Date of Graduation
Bachelor of Science in Chemical Engineering
Penney, W. Roy
Plastic waste generation is increasing at an unsustainable rate while recycling solutions remain stagnant. As a chemical means of recycling, mixed plastic waste pyrolysis can generate synthetic oil appropriate for use as fuel in power generation from plastic waste that otherwise accumulates in landfills. With the scaling of a commercial plastic pyrolysis process in Northwest Arkansas (NWA) modeled after an operational sawdust pyrolysis unit in Huntsville, Arkansas, economic analysis resulted in 26.3% internal rate of return. Therefore, construction of a commercial mixed plastic-to-fuel pyrolysis plant is economically justified and should be pursued. To effectively implement the proposed design, NWA must utilize involvement from political leaders and the community to effectively make changes to current recycling collection and sortation procedures. Environmental benefits from the implementation of a commercial pyrolysis process for mixed plastics, such as reduction of plastic waste in landfills and oceans, must be emphasized to rally public sentiment to recycle.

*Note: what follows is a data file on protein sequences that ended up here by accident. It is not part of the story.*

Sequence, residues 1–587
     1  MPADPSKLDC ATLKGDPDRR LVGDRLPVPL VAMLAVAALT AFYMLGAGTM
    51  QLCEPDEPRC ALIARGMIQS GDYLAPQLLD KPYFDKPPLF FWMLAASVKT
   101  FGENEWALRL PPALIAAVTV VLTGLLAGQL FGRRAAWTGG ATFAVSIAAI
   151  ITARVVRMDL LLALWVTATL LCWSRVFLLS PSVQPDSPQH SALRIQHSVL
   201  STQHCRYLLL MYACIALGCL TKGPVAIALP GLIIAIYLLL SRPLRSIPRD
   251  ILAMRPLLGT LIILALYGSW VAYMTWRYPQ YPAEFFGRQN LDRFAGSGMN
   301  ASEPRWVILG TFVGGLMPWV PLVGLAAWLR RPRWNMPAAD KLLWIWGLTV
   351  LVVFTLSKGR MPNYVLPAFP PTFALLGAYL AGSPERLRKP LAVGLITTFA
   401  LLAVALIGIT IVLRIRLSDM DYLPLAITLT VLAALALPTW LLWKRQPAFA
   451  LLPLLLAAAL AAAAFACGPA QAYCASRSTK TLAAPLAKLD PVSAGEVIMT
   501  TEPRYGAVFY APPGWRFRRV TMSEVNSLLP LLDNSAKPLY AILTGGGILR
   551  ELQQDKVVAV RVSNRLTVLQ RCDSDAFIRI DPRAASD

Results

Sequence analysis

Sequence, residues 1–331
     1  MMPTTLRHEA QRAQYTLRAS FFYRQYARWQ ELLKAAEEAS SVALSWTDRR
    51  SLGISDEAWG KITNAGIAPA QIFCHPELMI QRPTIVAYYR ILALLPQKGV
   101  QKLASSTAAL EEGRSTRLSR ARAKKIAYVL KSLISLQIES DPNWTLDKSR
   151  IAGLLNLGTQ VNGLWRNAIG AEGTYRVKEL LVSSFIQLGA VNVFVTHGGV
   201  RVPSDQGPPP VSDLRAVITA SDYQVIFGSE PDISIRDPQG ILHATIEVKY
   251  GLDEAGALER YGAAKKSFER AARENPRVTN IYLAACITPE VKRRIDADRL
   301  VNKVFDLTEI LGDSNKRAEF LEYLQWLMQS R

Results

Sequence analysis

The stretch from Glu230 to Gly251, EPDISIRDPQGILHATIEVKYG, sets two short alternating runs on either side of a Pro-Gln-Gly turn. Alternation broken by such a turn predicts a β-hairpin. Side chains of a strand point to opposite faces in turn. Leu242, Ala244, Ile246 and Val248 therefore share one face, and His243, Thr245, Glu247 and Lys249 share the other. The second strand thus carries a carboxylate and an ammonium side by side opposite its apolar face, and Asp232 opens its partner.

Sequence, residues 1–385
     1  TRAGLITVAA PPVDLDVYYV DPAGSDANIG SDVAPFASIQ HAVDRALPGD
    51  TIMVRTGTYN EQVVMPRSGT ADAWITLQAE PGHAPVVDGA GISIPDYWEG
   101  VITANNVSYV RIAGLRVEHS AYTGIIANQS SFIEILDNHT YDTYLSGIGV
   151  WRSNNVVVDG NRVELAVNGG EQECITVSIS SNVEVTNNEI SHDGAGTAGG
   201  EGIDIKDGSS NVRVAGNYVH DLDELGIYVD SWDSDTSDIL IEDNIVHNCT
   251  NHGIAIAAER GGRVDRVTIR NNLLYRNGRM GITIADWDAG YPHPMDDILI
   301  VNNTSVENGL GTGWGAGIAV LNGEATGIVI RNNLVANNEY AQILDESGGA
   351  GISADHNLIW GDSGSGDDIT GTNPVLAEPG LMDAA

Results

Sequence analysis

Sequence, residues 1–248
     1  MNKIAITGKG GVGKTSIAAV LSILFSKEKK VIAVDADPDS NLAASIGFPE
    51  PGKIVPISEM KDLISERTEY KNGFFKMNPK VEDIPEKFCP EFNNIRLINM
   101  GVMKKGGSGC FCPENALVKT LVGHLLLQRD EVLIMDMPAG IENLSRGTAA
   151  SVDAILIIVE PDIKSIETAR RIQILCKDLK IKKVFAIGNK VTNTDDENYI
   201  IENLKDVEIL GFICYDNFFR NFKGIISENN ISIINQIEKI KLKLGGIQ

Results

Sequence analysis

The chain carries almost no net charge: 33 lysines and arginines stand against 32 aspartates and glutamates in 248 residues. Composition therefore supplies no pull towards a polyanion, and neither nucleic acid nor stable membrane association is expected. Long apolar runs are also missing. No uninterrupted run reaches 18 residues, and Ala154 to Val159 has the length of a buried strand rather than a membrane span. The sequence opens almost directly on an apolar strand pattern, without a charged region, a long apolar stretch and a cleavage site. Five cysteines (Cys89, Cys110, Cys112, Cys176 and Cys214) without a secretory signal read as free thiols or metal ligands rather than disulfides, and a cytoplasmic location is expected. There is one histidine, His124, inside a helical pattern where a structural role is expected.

Mixed plastic, pyrolysis, recycling, economics, plastic waste, environmental sustainability, service learning
Rogers, C., Means, P., Gonzalez, R., Sheets, K., & Townsend, H. (2021). Economic Feasibility of Mixed Plastic Waste Pyrolysis Using Twin Reactor System in Northwest Arkansas. Chemical Engineering Undergraduate Honors Theses Retrieved from https://scholarworks.uark.edu/cheguht/175
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